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Syria — political process stumbles

Feb 04,2014 - Last updated at Feb 04,2014

The first round of the much anticipated Geneva II negotiations on Syria was a complete failure despite attempts by UN-Arab League envoy Lakhdar Brahimi to make it appear less so.

He told reporters that he had “observed a little bit of common ground; perhaps more than the two sides realise or recognise”.

But in reality, the two sides agreed on nothing of substance and Damascus is yet to confirm its participation in a second round of talks in Geneva on February 10.

So what went wrong?

From the onset it was clear that the regime’s delegation was going to Switzerland with specific orders not to engage the opposition on crucial points, primarily the issue of creating a transitional body in Syria with full powers.

Foreign Minister Walid Al Mouallem’s long-winded speech said nothing about the struggle of the Syrian people to achieve change. It was a defiant speech that blamed neighbours and others for attempting to destroy the Syrian state.

It totally ignored the requirements of the Geneva I communiqué of June 2012 or relevant UN Security Council Resolution 2118.

Observers were also critical of the weak performance of the Syrian National Coalition (SNC) and its President Ahmad Al Jarba.

Overall, the government delegation appeared confident and resolute, while the opposition was still reeling from a wave of withdrawals few days before the convening of the conference.

The government delegation raised valid questions about the credentials of the opposition that claims to represent the Syrian people and the armed rebels.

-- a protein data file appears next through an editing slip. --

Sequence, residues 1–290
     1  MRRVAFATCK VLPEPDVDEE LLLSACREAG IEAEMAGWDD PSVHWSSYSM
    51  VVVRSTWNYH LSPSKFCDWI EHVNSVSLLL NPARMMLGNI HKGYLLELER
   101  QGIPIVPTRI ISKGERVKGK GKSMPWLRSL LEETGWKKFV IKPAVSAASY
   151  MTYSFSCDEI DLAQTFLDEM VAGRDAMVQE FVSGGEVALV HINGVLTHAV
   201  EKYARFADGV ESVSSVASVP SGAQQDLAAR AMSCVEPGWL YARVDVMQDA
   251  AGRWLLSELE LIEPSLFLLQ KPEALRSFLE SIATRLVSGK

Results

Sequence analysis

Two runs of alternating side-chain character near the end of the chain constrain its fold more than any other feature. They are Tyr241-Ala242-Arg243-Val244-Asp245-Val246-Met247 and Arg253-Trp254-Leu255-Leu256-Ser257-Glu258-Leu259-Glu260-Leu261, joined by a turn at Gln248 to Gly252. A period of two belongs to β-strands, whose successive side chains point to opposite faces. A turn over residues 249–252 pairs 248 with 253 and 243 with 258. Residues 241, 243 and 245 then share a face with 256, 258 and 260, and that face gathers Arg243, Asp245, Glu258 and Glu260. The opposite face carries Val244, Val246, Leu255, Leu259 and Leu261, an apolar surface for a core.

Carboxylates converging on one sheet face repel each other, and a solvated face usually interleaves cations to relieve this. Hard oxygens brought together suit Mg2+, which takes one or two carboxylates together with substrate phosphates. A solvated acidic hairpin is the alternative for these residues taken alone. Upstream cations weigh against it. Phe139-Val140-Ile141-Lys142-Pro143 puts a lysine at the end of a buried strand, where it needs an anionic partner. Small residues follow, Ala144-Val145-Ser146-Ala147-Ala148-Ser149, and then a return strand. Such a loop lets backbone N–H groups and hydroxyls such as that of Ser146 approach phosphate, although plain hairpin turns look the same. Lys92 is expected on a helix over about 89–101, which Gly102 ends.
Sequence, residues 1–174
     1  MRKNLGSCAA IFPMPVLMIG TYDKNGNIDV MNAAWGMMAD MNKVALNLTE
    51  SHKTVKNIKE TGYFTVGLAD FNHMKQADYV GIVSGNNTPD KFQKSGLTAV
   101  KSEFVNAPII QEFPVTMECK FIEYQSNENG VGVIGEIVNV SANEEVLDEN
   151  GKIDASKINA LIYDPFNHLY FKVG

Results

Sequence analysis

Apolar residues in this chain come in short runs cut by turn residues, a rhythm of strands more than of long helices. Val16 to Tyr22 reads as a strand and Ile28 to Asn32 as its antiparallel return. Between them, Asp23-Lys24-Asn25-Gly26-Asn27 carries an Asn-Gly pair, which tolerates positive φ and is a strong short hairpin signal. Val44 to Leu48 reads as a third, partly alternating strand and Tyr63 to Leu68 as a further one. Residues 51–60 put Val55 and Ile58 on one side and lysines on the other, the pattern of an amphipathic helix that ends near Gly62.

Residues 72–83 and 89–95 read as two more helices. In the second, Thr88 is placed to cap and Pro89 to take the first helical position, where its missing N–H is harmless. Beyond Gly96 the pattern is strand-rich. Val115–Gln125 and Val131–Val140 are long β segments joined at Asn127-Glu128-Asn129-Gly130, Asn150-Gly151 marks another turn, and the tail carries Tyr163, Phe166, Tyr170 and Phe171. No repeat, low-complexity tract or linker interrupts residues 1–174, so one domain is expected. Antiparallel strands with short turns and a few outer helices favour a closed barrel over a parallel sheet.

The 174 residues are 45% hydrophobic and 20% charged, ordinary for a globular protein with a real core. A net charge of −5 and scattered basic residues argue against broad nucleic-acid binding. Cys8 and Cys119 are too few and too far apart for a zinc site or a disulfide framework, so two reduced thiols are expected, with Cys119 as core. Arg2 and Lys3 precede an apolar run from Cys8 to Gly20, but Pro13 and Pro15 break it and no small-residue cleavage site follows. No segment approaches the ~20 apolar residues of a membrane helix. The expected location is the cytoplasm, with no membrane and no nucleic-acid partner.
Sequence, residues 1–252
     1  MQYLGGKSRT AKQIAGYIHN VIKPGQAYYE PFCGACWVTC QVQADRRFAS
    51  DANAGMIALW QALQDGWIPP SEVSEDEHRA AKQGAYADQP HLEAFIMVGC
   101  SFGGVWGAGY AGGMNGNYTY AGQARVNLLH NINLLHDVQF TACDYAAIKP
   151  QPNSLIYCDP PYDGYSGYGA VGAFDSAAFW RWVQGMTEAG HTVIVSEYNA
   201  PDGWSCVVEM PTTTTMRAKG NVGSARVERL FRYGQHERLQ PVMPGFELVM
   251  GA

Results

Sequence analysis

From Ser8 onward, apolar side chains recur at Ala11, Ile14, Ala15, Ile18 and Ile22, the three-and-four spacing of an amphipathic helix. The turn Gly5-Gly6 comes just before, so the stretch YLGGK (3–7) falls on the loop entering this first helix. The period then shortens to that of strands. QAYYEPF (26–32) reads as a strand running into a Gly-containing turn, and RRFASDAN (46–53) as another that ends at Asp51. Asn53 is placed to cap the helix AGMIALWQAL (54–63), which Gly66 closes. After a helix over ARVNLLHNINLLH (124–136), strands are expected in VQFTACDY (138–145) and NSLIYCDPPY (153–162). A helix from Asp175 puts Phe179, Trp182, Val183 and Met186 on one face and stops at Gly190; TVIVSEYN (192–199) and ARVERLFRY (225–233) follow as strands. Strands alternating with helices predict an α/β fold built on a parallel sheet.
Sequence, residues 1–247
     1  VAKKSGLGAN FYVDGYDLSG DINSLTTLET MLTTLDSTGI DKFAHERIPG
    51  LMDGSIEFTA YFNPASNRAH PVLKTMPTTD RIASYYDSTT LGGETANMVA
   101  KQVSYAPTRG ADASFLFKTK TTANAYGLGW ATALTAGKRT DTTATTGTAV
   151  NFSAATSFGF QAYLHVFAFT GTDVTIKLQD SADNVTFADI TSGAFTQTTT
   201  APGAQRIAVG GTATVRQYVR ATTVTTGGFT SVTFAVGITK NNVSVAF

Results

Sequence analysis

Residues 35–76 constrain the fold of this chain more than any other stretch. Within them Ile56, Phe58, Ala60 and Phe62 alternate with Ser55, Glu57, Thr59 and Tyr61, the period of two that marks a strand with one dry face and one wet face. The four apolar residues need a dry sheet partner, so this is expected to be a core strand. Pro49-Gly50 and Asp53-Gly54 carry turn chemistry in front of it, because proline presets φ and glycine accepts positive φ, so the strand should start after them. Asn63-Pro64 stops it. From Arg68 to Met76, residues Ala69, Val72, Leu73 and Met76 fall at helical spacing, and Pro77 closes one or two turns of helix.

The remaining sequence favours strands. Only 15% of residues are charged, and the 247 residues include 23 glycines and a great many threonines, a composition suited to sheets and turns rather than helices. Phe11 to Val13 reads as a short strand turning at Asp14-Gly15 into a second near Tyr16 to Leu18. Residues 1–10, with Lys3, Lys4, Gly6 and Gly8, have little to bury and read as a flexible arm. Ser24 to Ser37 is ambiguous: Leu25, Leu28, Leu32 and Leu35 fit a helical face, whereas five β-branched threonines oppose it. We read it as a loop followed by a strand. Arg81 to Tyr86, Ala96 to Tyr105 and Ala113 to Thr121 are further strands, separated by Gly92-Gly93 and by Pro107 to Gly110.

Perhaps it was a miscalculation by Brahimi that he swiftly moved to the most cumbersome point in the negotiations: the formation of a transitional body.

Instead, he should have concentrated his efforts on confidence-building measures.

Most importantly, achieving a ceasefire in certain areas, opening up humanitarian corridors and ending the siege of old Homs and the Yarmouk Palestinian refugee camp in Damascus.

The two sides reached a provisional understanding on relieving stranded civilians in Homs, but failed to agree on steps to carry out such an agreement.

What the first round of Geneva II proved, if anything, is how complex the Syrian crisis has become.

The regime, while accepting to discuss each point in the Geneva I communiqué, was obviously not going to agree to the formation of a transitional body or government with full powers.

It reiterated, time and again, that the fate of President Bashar Assad was not an issue on any agenda.

So now what?

There are no guarantees that the second round of Geneva II will be any better.

In fact, the regime now wants a more inclusive opposition delegation and to move the talks to Damascus at a later stage.

There are a number of possible scenarios that present themselves.

One, the talks will continue but achieve nothing, while fighting on the ground intensifies.

In fact, the regime has amplified its attacks on Aleppo during and after the first round of talks, and appears to be making headway in some neighbourhoods.